when we locate many applications on a distributed computing platform we call it
Its commerce that has the need for the Cloud, because they have usually have a large portfolio of applications, some of which behave like HPC and some of which behave like Web 2.0 and its the economics of utility that drives this. Sun's ERP solutions have leveraged our product portfolio and Moore's law to become a tiny fraction of Sun's IT estate, with the community infrastructure and the design support solutions being implemented on web 2.0 and HPC grids, now dominating Sun's internal network in terms of cycles, storage and cost.
Admittedly, there are other aspects of what makes a cloud different from the payroll bureau of thirty years ago.
Data Centres are expensive and as we are discovering in the last few years, they are best built for purpose. Building and running Data Centres also benefits from 'specialisation'. In "The Big Switch", Nicholas Carr argues that the efficiencies of the plant apply to IT. (I'm really going to have to read it). Historically, applications developers have tightly coupled their code with an operating system image, specifying the version, library installs, package cluster and patch state. This is beginning to end. Developers want to and do develop to new contracts, be it Java, Python or another run time. Also with virtualisation technology such as Virtual Box and VMware, deployers can build their utility plant and take an application appliance with an integrated OS and applications run time, this allows developers to choose whether to use modern dynamic runtimes or to tightly integrate their code with the environment.
A second driver is the amount of data coming on-line. This cornucopia of data is enabling/creating new applications, of which internet search is an obvious one. Google scans the web, but many companies and increasing social networks are scanning their storage to discover new valuable pieces of information. Internet scale also means the "clever people work elsewhere" rule of life is generating new questions. The growing number of devices attached to the internet is also discovering and delivering new digital facts. The evolution of the internet of things will make the growth in data explosive so its a good time to be introducing a new disruptive storage capability and economics. The need to analyse this massive new data source is what's driving the emergence of Hadoop and Map/Reduce. Only parallel computing is capable of getting information out of the data in any reasonable time. A fascinating proof point is documented on the NYT Blog, where Derek Gottfrid shows how he used Amazon's cloud offerings to convert the NYT's 4TB archive into .pdf using Hadoop. I'd hate to think how long it might have taken using traditional techniques.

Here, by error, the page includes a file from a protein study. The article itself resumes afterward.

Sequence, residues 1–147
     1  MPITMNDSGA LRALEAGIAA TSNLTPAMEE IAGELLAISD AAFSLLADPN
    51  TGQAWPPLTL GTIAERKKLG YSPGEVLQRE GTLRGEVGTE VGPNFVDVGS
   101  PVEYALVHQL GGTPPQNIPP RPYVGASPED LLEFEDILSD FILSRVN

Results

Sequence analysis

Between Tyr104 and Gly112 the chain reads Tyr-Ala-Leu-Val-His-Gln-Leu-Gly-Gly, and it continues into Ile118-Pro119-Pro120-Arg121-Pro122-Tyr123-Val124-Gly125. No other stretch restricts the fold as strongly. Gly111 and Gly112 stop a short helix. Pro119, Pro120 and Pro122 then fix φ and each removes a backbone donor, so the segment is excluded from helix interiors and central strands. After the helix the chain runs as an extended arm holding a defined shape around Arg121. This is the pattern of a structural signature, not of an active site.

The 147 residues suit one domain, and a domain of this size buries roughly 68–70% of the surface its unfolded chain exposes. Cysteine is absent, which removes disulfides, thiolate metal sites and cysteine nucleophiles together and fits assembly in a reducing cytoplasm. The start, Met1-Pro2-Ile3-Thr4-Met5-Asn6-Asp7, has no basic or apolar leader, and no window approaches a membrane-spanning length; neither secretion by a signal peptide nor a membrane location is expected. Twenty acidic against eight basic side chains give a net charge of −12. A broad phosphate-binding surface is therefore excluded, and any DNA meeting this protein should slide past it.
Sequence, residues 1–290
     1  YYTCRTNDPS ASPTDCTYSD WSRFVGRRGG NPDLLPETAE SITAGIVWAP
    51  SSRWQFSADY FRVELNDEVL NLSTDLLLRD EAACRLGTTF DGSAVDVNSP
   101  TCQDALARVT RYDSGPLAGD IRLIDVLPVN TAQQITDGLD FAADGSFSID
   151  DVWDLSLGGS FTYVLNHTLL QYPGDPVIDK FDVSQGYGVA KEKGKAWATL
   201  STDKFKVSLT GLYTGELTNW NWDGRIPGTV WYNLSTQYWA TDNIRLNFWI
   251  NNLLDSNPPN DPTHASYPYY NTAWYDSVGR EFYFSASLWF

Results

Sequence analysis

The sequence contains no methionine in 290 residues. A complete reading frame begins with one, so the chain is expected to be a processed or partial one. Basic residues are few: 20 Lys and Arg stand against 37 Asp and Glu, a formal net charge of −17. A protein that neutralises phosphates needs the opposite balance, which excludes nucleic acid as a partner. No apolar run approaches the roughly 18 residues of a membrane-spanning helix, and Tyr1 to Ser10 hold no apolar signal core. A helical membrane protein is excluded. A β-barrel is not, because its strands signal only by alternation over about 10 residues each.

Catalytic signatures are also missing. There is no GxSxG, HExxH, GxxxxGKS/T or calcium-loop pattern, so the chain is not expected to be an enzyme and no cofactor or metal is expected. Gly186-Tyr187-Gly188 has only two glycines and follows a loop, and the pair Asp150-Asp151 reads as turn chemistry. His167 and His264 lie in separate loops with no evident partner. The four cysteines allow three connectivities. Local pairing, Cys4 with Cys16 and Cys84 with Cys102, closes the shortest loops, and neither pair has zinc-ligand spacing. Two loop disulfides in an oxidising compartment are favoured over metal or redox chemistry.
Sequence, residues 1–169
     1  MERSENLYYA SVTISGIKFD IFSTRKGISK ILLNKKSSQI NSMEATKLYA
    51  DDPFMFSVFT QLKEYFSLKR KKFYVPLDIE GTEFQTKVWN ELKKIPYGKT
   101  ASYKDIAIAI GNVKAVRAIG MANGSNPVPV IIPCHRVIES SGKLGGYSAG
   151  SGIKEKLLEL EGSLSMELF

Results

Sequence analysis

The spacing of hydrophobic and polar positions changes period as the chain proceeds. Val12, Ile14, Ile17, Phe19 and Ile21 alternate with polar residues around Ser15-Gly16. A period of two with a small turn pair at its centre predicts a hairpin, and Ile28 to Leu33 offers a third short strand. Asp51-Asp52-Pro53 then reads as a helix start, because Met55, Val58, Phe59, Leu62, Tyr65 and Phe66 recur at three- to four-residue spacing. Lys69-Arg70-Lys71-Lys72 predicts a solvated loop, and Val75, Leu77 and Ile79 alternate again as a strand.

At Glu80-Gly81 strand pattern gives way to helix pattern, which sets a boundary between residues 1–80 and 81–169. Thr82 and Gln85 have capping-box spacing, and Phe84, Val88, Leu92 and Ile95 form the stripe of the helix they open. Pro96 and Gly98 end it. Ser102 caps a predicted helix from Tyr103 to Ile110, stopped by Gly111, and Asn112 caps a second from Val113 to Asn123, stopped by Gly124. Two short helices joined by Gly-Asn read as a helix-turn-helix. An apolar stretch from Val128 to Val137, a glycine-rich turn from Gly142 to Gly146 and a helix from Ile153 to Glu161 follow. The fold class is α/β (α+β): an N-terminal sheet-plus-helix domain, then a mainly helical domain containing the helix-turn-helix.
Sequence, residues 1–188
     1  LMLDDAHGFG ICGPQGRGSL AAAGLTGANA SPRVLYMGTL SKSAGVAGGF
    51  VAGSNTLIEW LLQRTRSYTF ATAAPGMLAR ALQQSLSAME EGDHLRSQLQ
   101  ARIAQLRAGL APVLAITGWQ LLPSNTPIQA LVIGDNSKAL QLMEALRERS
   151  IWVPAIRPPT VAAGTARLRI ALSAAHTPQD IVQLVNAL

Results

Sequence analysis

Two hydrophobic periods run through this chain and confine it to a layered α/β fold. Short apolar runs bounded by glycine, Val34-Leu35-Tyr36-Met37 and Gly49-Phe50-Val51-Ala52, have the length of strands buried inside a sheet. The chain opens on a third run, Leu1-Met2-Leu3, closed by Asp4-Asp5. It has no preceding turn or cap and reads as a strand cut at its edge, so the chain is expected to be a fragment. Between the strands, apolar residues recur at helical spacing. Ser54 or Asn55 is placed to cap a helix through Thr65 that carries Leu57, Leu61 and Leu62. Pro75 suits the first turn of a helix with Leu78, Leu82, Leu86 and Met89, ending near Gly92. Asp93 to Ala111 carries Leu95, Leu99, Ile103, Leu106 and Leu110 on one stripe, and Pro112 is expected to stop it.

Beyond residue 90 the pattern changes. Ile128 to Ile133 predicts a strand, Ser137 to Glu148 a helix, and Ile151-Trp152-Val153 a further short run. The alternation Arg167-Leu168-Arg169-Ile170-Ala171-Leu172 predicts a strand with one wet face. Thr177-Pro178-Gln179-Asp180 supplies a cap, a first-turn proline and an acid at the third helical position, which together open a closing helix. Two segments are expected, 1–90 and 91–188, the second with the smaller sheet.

One tendency I have observed from my work over the last year is that today building grids is now longer hard, and most dramatically Amazon and Google are turning their grids to applications hosting. A number of public sector research institutions have also been building publicly available grids for a wile, although they tend to share amongst themselves. In the public sector world at least, they have begun to address the question of grid interoperability, and everyone is looking at how to 'slice' resource chunks out of the grid for users, on demand of course.
In the commercial world the competitive positioning of various players has led to them competing with different services and different levels of abstraction. The offerings of Google's "google apps engine" vs "Amazon's EC2" are quite different. Sun believes that cloud computing offerings need to organise above the OS level now and that developers don't want to worry about the operating system, merely their run time execution environment. This is only possible because modern development and runtime environments can protect developers from both the cpu architecture and now the operating system implementation. I know that as I search for a new solution for the services I run on my Qube, I'm happy to configure the applications and their backups, but I don't want to worry about disk reliability and other system services.